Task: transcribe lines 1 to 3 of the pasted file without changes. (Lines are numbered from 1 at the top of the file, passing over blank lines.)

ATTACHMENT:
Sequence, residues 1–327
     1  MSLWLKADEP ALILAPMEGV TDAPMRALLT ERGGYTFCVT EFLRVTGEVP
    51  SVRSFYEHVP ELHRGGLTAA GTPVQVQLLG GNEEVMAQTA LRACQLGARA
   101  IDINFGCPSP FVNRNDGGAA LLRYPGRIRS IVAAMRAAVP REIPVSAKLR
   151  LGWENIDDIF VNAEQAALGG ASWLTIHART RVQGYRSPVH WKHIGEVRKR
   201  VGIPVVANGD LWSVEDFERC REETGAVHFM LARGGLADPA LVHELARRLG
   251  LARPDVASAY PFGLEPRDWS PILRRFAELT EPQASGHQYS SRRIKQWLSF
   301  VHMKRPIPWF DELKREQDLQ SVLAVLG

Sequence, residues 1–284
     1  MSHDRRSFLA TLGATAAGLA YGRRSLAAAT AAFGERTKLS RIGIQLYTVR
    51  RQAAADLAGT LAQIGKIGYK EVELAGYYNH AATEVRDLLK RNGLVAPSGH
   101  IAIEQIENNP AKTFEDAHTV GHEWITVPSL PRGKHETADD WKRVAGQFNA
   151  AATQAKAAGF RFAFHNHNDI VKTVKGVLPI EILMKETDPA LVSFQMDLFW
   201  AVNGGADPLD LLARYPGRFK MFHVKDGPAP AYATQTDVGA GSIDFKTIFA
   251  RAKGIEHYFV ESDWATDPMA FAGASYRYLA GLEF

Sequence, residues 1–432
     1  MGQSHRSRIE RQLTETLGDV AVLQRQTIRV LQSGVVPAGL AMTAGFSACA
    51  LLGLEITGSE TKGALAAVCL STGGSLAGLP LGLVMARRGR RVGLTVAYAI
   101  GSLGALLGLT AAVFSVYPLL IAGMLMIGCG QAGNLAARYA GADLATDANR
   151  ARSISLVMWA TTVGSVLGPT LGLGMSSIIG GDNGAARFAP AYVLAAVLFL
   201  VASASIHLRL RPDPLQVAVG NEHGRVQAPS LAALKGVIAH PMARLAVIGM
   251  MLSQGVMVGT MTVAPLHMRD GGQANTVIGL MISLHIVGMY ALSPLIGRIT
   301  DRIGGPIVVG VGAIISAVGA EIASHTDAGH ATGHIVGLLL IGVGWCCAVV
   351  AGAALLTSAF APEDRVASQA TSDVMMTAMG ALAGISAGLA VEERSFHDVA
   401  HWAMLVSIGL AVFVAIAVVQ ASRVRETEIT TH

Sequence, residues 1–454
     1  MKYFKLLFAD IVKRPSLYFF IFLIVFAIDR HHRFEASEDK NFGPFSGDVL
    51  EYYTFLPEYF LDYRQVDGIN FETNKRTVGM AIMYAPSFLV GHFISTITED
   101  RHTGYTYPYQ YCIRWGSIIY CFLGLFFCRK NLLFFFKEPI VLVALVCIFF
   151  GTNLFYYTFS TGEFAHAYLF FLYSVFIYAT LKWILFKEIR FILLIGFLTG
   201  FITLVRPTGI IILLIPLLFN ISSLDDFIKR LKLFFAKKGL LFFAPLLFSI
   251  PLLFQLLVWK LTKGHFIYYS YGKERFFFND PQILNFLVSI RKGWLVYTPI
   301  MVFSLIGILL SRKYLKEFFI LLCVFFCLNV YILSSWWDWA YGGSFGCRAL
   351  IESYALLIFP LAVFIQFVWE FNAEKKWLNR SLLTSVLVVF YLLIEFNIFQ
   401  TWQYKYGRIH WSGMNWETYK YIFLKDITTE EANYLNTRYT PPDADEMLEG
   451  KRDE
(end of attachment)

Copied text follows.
Sequence, residues 1–327
     1  MSLWLKADEP ALILAPMEGV TDAPMRALLT ERGGYTFCVT EFLRVTGEVP
    51  SVRSFYEHVP ELHRGGLTAA GTPVQVQLLG GNEEVMAQTA LRACQLGARA